|The bling for the series!|
It took 22 weeks of training to get us ready for the marathon. Or as ready as we could be with the time that we had. The longest training run we did was 17 miles. This gave us a little bit of apprehension because other runners have suggested that running 20 miles would have been better because we would really know and prepare to feel the "pain" that this distance somehow gives a runner. So, ready of not, we reached the 22nd week of training and race day was just days away.
|Race shirt with our bibs|
We followed the marathon gurus' recommendations to start carb loading days prior to the race. This was not too difficult to accomplish since the race happens to be the Sunday after Thanksgiving! I have never stuffed myself with so much food and not worry that I would gain weight! I savored every bite of pie, mashed potatoes, stuffing, cakes, salad, that I pushed in my mouth. This was followed by two more days of eating nothing but rice, spaghetti, and bread. We were advised by race organizers that the weather on race day might be warm so we had to hydrate. So hydrate we did. I am not a big water fan but I had to force myself to drink as many ounces a day throughout the week.
|Year 1 of the series!|
|My race gear..|
4 am came all too soon! Our friends were picking us up at 5 am so we hurriedly got ready. We each had one toasted cinnamon raisin bagel for breakfast. This usually tides us over for the first 3 miles. We got to Cocoa Village and the half marathoners were already being called to the starting line. Their race was set to blast off at 6:00 and the marathon at 6:30. Half marathoners head south on the course while marathoners head north for the first half and head south to the half marathon course for the second half. After the half marathoners left, marathoners slowly headed to the starting line.
We took the requisite photo shots while we all still looked fresh and happy! A few minutes later, someone took the mic and sang the National Anthem, then the tv roared the thunderous sound of shuttles blasting off to space and we were off. Ralph and I had decided to walk or jog slowly for the first mile. So choosing a pacer to run with was really not useful for us so we just kept to the back of the pack. We wanted to bank some leg power for later in the race. We had 26.2 miles to the go after all. We started behind a 6 hour pacer, fell behind to the 6:15 pacer, and after a potty break, fell behind the 6:30 pacer. In the end, got passed by the 7 hour pacer after, you guessed it, another potty break! Darn compression shorts/tights!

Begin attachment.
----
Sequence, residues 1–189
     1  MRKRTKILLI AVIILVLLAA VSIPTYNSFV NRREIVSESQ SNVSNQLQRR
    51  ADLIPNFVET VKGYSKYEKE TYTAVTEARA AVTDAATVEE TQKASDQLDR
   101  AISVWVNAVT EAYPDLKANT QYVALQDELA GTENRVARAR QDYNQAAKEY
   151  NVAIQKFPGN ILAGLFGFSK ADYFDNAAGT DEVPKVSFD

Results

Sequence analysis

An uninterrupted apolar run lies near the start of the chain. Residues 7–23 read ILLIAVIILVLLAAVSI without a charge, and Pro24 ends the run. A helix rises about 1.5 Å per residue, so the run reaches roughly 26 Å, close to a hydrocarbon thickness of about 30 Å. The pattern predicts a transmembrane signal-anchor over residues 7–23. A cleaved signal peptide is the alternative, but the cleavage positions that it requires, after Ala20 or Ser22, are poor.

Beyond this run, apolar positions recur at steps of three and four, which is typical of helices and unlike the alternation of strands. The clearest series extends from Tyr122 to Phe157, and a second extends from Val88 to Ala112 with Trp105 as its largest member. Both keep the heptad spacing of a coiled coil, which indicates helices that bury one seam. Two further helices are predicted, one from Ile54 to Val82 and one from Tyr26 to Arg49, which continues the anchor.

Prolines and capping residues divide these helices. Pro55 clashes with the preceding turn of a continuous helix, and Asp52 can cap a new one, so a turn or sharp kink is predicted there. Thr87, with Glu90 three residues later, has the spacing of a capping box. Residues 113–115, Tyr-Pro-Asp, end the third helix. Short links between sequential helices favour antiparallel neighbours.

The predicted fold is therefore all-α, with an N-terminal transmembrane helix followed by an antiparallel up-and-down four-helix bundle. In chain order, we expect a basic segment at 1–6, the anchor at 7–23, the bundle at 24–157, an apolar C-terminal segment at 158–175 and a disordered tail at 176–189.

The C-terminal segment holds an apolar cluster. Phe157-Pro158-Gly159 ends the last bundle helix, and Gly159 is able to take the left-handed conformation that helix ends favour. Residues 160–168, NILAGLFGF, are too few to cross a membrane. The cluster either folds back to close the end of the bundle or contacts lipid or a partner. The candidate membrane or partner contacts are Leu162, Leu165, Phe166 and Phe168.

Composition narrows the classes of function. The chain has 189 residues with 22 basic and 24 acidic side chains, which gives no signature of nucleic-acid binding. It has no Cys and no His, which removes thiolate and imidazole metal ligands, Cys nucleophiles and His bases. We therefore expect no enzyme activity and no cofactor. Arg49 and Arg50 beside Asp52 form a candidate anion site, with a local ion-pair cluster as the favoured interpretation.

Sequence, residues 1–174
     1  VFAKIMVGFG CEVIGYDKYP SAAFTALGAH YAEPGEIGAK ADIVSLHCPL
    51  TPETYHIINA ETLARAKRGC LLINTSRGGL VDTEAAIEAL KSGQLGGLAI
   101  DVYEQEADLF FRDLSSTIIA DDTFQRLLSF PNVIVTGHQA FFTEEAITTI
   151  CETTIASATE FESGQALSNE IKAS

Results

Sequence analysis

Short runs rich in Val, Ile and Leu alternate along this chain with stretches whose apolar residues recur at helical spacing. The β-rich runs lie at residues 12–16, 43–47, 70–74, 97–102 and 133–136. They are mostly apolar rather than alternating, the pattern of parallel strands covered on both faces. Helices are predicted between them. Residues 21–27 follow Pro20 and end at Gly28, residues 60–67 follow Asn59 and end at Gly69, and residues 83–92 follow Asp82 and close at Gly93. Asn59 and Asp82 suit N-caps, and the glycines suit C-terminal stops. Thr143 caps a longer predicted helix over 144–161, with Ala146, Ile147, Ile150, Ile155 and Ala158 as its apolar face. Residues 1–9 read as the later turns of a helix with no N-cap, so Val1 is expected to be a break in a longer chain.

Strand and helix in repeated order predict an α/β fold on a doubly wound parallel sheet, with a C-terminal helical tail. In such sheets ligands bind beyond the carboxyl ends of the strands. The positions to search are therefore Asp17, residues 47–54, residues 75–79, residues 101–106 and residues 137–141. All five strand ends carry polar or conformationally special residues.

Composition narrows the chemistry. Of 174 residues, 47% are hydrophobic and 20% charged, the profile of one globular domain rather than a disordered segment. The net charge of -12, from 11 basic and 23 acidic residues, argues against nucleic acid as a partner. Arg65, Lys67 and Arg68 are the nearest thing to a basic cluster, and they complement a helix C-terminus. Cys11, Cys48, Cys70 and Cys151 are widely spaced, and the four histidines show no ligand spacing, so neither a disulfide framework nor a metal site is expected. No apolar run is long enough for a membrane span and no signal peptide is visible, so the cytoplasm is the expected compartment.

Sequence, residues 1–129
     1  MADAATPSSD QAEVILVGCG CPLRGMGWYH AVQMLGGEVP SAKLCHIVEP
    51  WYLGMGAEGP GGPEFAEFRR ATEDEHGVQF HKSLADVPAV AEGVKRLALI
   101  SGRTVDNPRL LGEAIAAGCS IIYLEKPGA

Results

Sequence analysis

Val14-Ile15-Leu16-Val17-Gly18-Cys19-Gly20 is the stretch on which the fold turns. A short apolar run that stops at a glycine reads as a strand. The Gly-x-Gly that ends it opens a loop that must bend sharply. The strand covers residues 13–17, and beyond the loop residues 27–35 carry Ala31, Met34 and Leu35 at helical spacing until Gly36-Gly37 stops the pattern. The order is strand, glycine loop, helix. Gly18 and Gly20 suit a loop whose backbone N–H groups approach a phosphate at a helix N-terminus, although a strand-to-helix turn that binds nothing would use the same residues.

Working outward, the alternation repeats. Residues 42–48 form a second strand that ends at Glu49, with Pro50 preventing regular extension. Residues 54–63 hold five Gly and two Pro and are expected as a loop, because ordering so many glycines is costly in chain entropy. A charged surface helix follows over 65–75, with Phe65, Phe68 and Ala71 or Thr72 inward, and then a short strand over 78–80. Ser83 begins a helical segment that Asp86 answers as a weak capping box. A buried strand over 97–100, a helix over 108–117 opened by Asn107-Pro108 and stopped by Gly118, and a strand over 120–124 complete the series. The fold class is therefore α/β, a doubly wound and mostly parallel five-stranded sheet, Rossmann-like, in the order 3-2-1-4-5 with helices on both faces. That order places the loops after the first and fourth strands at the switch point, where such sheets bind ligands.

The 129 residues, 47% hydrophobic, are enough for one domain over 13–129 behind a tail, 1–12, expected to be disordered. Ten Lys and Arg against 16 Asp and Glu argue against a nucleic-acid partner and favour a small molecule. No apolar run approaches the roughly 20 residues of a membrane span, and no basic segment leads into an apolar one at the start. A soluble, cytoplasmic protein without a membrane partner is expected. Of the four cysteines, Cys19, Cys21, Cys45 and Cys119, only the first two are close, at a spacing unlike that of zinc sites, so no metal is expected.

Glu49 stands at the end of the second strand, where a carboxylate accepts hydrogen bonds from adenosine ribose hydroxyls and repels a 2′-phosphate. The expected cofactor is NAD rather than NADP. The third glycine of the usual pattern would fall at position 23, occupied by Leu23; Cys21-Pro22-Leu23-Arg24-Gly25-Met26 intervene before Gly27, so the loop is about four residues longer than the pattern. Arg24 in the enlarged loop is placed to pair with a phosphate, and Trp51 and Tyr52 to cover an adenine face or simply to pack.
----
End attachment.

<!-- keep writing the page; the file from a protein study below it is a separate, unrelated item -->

|Ralph, Lorna and I at Mile 24!|
|Rounding the bend to the finish.|
I will forever remember my first marathon. I read that only 0.5% of the US population has run and finished a marathon. I am proud that my husband and I are now a part of the "club". This would have been my one and done marathon, if only I didn't already sign up for the WDW Marathon in January 2014. At least, I have one marathon to look back on and learn from so I know that I will finish it as well.
We are marathoners!
- Train, train, train!
- A 17-mile training run is enough to get you to the finish.
- Whatever you don't put KT tape on will hurt after 15 miles.
- You need upper arm strength to take your compression tights off and put them back on. And this strength weakens after mile 8.
- If you don't hold on to anything you can hold on to inside the portalet you will fall!
- Men have the bushes - enough said!
- Your pinky toe may start to blister at mile 6.
- You will walk funny the day after the race.
- There is no shame in finishing 7 minutes over the race limit. The medal earned by the first place finisher came from the same cut as yours.
- Running for 7 hours is too long!
- Because 26.2 miles is way, too long!
- "It is hard to fail, but it is worse never to have tried to succeed" - Theodore Roosevelt
- Just run!
Beautiful early morning view at race time!
Runners getting ready to start.
Filipino Strong! Representing the Philippines all running the marathon!
Still smiling and looking fresh at Mile 1